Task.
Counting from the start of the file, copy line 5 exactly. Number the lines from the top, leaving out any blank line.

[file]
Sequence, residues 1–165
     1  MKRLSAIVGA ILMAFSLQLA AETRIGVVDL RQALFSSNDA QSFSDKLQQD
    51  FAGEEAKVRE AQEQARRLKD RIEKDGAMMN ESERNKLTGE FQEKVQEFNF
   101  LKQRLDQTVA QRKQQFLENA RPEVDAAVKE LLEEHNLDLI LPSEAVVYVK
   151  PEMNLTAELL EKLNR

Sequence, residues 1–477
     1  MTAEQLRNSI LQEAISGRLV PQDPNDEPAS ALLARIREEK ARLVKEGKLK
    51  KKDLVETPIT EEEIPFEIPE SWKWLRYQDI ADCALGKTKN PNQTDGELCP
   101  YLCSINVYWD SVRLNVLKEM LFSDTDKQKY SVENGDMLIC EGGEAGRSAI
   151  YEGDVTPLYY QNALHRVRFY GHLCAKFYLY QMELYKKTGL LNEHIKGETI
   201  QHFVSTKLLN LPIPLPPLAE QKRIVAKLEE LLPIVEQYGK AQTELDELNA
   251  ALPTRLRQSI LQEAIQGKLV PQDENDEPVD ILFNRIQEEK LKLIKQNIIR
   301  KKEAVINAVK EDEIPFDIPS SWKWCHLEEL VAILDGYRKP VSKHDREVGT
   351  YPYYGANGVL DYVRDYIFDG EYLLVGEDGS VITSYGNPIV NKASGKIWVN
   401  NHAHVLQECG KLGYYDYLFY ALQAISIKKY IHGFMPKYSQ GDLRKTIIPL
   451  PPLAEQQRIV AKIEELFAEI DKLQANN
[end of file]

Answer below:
   151  PEMNLTAELL EKLNR